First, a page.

I'm talking about this:
“Just so you all know, I am in support on the Manchin-Tooney substitute bill to knock out the bad Schumer Background Check bill,” Gottlieb wrote. “I and our CCRKBA attorney lobbyist had a hand in influencing and writing parts of it.
Alan Gottlieb has done some fine work over the years, and I take nothing away from that. But sorry, Alan. No. Hell no. Even "aw HELLno".
Some, of course, will defend the action. It's a chess move, for sure; I've got little doubt that Gottlieb doesn't actually want to see the law on the books. Perhaps he has convinced himself that by crafting a contender he can kill both the "worse" bill, and his own as well; he may even be right that the thugs pushing the "worse" option would kill anything short of it, or anything authored by "the other team".
I don't give a flying duck-fuck about any of that. Here's why. It's really very simple.
- It's morally wrong, period. Alan Gottlieb certainly has the right to gamble his own life on the outcome of an agreement into which he enters. He does not--not--have the right to gamble the life of anyone else, no matter what the potential reward might be, nor how many other people might agree with him. (Further, he does not have the right to enter into an agreement on behalf of anyone else without their consent, and expect it to be binding upon them. But that is all politics, not simply "gun politics".)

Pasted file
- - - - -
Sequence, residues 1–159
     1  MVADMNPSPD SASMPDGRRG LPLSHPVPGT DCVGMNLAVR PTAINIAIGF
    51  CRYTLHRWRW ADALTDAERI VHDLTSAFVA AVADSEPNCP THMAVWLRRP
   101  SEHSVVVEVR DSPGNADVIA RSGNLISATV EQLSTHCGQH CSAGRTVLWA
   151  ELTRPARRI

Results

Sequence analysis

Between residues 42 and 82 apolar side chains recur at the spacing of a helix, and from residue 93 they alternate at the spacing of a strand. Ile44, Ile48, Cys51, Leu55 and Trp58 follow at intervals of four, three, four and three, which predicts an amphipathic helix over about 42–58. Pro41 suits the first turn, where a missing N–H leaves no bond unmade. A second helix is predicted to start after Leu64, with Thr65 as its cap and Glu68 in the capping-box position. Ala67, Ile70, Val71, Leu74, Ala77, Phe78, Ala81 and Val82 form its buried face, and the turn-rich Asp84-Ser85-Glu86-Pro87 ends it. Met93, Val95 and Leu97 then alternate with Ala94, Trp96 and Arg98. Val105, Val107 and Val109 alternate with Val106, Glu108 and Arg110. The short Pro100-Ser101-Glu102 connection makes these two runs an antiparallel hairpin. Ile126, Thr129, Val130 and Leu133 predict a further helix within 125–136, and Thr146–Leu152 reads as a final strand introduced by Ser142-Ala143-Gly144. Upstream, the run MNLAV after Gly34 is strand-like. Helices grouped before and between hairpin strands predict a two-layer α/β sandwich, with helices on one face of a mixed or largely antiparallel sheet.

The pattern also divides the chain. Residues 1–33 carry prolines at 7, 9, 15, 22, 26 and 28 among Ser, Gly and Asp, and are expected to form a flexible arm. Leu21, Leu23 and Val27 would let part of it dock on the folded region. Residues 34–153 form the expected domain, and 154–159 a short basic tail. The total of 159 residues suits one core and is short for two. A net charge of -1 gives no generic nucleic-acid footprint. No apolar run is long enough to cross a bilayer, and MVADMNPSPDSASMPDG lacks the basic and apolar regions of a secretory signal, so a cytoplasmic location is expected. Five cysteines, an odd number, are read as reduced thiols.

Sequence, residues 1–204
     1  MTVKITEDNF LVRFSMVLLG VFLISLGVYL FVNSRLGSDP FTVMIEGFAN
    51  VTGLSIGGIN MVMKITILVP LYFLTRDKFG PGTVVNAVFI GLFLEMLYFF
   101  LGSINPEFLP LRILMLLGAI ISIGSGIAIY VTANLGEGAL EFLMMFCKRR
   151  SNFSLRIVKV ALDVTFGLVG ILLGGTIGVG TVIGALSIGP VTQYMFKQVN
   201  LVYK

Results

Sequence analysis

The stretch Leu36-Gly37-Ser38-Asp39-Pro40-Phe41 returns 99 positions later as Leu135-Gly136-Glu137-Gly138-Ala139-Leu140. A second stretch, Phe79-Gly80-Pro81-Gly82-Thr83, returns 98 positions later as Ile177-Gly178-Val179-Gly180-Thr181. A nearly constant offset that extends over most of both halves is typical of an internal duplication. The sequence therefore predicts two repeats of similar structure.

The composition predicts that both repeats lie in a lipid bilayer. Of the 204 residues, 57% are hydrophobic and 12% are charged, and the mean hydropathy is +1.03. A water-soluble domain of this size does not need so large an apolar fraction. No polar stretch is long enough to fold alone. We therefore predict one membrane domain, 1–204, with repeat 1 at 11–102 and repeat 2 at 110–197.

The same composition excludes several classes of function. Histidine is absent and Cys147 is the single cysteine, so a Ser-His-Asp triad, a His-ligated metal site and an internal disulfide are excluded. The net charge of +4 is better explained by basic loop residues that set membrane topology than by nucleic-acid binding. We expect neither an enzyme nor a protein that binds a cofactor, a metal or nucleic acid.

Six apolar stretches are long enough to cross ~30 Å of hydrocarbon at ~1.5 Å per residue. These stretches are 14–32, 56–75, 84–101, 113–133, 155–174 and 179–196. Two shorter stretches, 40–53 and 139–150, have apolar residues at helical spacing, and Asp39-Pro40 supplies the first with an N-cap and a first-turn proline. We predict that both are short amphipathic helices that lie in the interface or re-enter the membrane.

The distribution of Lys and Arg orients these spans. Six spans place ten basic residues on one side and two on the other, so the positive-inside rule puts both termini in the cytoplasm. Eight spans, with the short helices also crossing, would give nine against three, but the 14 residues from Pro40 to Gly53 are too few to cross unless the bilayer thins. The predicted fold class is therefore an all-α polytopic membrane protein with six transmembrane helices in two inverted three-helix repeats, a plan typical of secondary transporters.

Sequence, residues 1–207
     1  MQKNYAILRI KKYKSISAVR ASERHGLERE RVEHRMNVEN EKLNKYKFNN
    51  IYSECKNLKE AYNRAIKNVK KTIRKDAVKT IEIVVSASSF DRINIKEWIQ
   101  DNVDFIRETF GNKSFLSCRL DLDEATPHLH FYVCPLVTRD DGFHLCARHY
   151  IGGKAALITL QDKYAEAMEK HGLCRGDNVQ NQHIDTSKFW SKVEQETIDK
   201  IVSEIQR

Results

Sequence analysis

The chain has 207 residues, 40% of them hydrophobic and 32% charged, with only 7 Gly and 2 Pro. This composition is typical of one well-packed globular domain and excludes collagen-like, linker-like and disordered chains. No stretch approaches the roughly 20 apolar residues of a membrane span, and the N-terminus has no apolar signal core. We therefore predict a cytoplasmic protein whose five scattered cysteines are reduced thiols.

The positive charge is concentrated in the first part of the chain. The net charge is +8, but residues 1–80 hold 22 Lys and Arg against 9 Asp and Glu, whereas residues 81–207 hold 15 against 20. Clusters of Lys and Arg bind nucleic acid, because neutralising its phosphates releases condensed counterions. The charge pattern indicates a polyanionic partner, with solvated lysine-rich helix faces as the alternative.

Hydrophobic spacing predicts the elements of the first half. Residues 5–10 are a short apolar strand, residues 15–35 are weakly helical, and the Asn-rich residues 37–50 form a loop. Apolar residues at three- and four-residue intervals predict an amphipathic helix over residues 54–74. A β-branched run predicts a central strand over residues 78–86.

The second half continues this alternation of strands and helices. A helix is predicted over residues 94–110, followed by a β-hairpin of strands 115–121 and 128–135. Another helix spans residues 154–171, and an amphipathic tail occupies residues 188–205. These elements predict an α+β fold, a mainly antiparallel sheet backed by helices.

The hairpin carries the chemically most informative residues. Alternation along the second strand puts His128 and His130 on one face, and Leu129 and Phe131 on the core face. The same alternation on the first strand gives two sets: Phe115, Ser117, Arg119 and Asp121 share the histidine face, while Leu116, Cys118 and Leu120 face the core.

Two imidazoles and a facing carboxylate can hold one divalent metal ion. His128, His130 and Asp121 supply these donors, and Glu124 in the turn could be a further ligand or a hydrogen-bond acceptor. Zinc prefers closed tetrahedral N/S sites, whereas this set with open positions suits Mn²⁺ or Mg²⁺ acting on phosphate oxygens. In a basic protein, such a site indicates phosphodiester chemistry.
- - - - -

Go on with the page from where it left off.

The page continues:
- The chess move is pointless. Defenders will claim that the "nice" bill explicitly prohibits a national registry, with a penalty clause, and that it "restores" other gun rights. Well shit, Alan, if all it takes to restrain Leviathan from abusing its powers against us is a law, then maybe you can explain what, exactly, this shiny new thing is going to do that, say, the Constitution, Bill of Rights, and Fourteenth Amendment have all (QED, ferchrissakes) failed to do? The way I always saw it, the concept behind the Second Amendment was that that was the damn penalty clause--and one a sight more rigorous than a 15-year "prison" term, don'tcha think?
On one hand, I suppose I can't be surprised. Play long enough in the political realm, and maybe it's just inevitable that you start believing that politics can be a solution to politics. But I did want to believe better. To believe that someone in Gottlieb's position would not go and Ruger us all over again.
Last time I checked, "No" is still a complete sentence, and a perfectly suitable, unambiguous answer to tyranny. Even--especially--tyranny that is crafted to benefit me.
Sorry, Alan. No.
"No" even if it's pissing into the wind. "No" even if it's certain defeat. The answer is still "no", because it simply cannot be anything but "no".